Loughborough University
Leicestershire, UK
LE11 3TU
+44 (0)1509 263171
Loughborough University

Loughborough University Institutional Repository

Please use this identifier to cite or link to this item: https://dspace.lboro.ac.uk/2134/2109

Title: Borehole sustainability in rural Africa: an analysis of routine field data
Authors: Harvey, Peter
Issue Date: 2004
Publisher: © WEDC, Loughborough University
Citation: HARVEY, P., 2004. Borehole sustainability in rural Africa: an analysis of routine field data. IN: Godfrey, S. (ed). People-centred approaches to water and environmental sanitation: Proceedings of the 30th WEDC International Conference, Vientiane, Laos, 25-29 October 2004, pp. 339-346.
Abstract: Handpump-equipped boreholes are one of the most common water supply technologies adopted in rural Africa, but often demonstrate low levels of sustainability. In addition to operational problems with the pump, the borehole itself may cease to provide adequate quantities of safe drinking water only a short time after construction. This can have a significant negative impact on poor rural communities, particularly in the dry season when alternative water sources are scarce. A study of 302 boreholes in Ghana aimed to investigate rapid-onset borehole failure in relation to field data typically available following drilling and development. The study showed that the likelihood of borehole failure increased by a factor of six when drilling occurred during the wet season, and discovered a strong correlation between monthly precipitation and respective failure rates for boreholes drilled in each month. The potential for borehole failure also increased significantly when the initial yield was below the guideline value of 10 l/min. There was no indication, however, that a higher guideline value would be a cost-effective measure to reduce failure rates.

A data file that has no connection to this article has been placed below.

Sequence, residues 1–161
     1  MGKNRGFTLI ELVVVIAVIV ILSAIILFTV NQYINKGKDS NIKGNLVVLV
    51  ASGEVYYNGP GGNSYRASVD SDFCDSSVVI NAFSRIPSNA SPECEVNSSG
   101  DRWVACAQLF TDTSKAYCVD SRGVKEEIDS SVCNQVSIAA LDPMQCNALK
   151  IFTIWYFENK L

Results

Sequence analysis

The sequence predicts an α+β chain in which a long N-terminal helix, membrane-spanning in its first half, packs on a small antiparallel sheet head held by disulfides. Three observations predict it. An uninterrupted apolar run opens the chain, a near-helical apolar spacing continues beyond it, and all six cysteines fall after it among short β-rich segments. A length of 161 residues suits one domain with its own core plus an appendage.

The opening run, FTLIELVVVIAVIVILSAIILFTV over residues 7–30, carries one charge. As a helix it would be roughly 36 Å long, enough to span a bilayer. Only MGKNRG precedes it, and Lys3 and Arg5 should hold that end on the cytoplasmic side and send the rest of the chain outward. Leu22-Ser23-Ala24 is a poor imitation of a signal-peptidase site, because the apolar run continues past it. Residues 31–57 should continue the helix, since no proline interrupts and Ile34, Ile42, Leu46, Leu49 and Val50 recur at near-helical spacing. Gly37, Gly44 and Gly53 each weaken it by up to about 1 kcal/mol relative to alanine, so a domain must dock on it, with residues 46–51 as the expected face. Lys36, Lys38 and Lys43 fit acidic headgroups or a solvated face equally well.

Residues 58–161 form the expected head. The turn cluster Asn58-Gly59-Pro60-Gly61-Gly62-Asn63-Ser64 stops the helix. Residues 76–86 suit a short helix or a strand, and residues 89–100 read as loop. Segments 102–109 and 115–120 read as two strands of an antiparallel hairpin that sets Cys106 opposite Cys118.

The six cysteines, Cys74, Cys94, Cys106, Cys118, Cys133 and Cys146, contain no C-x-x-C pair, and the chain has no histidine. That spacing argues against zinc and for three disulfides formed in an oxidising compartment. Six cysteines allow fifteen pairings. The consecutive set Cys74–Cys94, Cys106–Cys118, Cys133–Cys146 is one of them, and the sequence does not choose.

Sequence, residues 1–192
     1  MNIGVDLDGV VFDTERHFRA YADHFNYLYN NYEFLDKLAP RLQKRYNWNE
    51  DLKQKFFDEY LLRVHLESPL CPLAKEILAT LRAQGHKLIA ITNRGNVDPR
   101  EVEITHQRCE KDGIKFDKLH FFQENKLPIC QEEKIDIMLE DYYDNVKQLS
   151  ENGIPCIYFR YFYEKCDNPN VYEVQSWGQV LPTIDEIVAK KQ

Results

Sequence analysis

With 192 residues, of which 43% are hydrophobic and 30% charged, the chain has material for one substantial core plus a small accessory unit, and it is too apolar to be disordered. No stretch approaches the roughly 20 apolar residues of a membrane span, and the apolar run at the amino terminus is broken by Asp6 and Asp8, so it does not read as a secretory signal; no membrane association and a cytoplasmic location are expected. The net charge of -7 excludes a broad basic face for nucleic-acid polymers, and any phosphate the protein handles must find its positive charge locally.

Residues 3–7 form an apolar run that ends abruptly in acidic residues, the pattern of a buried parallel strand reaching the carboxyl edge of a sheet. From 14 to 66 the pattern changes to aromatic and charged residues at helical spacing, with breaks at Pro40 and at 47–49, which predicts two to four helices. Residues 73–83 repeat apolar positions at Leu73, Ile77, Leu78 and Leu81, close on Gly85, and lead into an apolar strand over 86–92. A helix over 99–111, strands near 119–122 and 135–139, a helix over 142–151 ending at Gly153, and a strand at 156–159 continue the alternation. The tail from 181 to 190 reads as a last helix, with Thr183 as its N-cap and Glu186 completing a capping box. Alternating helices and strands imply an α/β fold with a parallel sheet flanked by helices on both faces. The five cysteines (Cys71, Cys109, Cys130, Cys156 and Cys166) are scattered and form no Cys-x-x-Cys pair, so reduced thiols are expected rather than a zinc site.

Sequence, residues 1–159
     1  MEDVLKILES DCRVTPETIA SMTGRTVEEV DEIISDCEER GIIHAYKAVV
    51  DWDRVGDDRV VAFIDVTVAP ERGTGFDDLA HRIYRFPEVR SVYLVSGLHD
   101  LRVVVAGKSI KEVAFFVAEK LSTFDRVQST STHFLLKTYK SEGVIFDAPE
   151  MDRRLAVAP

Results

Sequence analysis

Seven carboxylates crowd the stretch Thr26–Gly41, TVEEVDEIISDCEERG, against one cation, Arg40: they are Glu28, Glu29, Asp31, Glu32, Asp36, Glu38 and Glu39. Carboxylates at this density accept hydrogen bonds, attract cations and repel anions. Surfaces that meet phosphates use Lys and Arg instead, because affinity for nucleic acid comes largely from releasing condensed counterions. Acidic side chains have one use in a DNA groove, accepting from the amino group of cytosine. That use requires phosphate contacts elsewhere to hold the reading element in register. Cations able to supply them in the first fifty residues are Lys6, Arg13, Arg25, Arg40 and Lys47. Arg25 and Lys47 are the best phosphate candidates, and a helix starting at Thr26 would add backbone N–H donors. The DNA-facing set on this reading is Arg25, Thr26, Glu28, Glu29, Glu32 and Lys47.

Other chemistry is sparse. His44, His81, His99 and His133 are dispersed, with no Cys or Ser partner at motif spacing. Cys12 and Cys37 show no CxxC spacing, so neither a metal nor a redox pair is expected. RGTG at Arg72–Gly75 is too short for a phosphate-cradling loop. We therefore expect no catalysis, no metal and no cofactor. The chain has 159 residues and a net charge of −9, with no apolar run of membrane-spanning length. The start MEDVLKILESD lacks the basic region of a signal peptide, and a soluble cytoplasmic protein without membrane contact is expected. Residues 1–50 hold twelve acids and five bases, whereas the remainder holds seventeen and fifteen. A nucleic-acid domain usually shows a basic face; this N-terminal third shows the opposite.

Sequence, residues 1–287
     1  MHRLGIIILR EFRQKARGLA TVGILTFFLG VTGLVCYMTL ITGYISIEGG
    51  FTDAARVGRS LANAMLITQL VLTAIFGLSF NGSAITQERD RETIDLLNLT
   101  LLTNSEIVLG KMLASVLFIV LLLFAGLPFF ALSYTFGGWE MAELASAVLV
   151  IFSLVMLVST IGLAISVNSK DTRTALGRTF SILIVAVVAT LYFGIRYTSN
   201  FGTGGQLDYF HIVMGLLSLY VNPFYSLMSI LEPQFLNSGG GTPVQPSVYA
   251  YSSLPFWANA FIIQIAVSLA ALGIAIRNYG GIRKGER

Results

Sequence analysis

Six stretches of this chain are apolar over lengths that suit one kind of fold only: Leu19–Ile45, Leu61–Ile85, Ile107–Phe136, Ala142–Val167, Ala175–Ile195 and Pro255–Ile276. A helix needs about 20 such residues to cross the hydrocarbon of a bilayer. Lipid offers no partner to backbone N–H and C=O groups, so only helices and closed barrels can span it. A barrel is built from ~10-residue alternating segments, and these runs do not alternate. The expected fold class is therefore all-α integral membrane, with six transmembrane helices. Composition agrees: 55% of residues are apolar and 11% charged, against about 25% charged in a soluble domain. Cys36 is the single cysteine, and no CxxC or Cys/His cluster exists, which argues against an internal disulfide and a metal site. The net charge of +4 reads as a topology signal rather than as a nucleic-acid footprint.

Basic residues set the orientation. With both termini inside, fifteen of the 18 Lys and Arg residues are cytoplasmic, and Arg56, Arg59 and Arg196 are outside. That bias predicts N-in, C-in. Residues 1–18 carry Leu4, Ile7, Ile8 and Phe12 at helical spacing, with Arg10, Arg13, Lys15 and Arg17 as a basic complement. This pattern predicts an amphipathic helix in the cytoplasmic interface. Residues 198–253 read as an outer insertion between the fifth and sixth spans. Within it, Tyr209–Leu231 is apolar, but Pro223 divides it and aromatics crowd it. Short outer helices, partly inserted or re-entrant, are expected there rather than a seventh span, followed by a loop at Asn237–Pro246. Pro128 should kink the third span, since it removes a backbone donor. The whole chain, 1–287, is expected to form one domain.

Description: This is a conference paper.
URI: https://dspace.lboro.ac.uk/2134/2109
Appears in Collections:WEDC 30th International Conference

Files associated with this item:

File Description SizeFormat
Harvey04.pdfPublished version1.19 MBAdobe PDFView/Open


SFX Query

Items in DSpace are protected by copyright, with all rights reserved, unless otherwise indicated.